Midway through happythankyoumoreplease, a couple makes out while delivering qualified praise of a director who creates films much like this one. Neither of the lovers actually utters the filmmaker's name, but that's hardly necessary: It's clear that they're living in a wannabe Woody Allen movie.
Smartly written and capably directed by Josh Radnor of TV's How I Met Your Mother, this is among the better Allen knockoffs of recent years, even if a few of its riffs seem hazardously off-key.
The most jarring one comes early in the movie: Freelance writer, aspiring novelist and classic New York neurotic Sam (Radnor) is rushing to a meeting with a potential publisher when he sees a boy get separated from his guardian at a subway stop. Sam takes the taciturn kid along with him; later, Rasheen (Michael Algieri) will resist going to the cops and hint that his foster family has been bad to him.
Sam allows Rasheen to move in with him -- temporarily. The boy doesn't say much, but he likes to draw and eat pizza and French toast. Maybe someday he'll go to school. In the meantime, he functions as Sam's mascot during the writer's campaign to snare a pretty waitress everyone calls Mississippi (Kate Mara).
The movie is stuffed with contemporary jangle-pop, but Mississippi pays another tribute to Allen by being a cabaret singer who ends the proceedings with a chirpy version of Kander and Ebb's "Sing Happy." Broadway Danny Rose would be right at home.
While Sam's romantic relationships generally don't last long, he does have two longtime female friends. Annie (Malin Akerman) suffers from alopecia, a condition that causes baldness, but her biggest problem is her attraction to immature, irresponsible men; Mary Catherine (Zoe Kazan) has a dedicated live-in boyfriend, Charlie (Pablo Schreiber), but she begins to doubt that she really loves him when he shows interest in moving to, ugh, L.A.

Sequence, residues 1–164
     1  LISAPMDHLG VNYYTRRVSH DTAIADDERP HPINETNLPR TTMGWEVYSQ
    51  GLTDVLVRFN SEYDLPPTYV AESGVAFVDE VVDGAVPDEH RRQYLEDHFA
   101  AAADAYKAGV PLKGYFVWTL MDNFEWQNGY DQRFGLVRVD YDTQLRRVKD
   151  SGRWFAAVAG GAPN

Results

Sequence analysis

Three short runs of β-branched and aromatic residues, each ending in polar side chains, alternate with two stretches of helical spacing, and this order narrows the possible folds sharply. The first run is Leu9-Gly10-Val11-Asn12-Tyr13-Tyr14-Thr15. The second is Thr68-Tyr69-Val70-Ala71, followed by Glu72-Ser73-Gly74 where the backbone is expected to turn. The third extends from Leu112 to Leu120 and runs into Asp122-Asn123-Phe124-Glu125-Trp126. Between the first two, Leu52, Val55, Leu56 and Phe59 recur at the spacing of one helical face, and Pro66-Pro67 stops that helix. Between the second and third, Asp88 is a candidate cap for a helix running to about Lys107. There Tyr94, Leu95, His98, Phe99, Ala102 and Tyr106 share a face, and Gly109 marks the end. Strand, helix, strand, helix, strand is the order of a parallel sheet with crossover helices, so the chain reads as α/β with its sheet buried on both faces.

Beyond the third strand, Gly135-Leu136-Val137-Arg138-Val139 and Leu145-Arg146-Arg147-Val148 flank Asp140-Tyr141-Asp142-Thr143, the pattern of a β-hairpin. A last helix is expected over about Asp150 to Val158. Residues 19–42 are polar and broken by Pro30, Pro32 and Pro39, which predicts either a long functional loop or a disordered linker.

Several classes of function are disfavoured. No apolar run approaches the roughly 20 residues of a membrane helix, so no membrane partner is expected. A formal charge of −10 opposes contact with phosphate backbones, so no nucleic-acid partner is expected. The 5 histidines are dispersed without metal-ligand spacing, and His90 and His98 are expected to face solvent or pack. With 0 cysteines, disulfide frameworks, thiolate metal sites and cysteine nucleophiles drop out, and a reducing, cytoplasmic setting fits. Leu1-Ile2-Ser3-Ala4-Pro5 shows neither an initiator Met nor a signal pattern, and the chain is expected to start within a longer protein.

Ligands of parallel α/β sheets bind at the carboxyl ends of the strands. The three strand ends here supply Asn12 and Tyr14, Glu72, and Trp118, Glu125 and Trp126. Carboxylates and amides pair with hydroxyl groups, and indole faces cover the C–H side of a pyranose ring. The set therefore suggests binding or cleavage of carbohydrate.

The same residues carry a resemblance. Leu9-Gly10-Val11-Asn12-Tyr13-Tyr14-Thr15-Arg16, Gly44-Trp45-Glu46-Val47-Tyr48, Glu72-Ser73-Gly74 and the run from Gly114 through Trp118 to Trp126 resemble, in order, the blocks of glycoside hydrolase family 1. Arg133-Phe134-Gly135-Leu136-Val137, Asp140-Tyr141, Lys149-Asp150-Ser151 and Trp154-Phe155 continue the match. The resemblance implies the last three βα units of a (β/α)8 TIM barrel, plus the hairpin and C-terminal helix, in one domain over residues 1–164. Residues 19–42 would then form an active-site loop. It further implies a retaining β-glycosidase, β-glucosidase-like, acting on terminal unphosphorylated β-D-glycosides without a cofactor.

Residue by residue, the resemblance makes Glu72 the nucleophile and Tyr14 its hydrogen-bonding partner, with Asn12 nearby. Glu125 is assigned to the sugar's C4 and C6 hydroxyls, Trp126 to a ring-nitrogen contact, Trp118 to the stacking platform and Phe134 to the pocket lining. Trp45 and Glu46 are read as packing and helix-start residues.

Mary Catherine tries to work through her crisis, mostly without consulting Charlie. Meanwhile, Annie finally agrees to date another guy named Sam (Tony Hale), a co-worker whose enthusiasm for her is a little scary.
Sam manages to charm Mississippi, despite his refusal to go see her perform. (He explains why; it's a long story.) Their planned "three-night stand" shows signs of lasting even longer until Mississippi learns that Rasheen is -- at least technically -- a kidnap victim. She leaves, but Sam dedicates himself to winning her back.
Akerman gives the movie's most nuanced performance, although there's a memorable cameo by Richard Jenkins as the grumpy publisher who rejects Sam's novel. Jenkins was recently seen dispensing tough-talking spiritual wisdom in Eat Pray Love, but here the philosophy comes from Annie, who learned it from an Indian cabdriver. It is, of course, "Happy thank you more please."
Yeah, well, a bit more, maybe. There's a lot of self-affirmation in this movie, in which characters are regularly enjoined to consider themselves "worthy" or to accept being "adored." Sometimes it seems all three couples at the center of this film should move to L.A.